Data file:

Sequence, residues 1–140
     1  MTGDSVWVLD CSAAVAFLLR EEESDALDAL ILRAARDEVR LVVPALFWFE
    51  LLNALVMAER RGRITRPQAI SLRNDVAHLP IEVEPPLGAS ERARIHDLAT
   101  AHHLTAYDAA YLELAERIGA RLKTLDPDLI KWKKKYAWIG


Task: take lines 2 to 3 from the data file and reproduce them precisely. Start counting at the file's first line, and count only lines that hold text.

     1  MTGDSVWVLD CSAAVAFLLR EEESDALDAL ILRAARDEVR LVVPALFWFE
    51  LLNALVMAER RGRITRPQAI SLRNDVAHLP IEVEPPLGAS ERARIHDLAT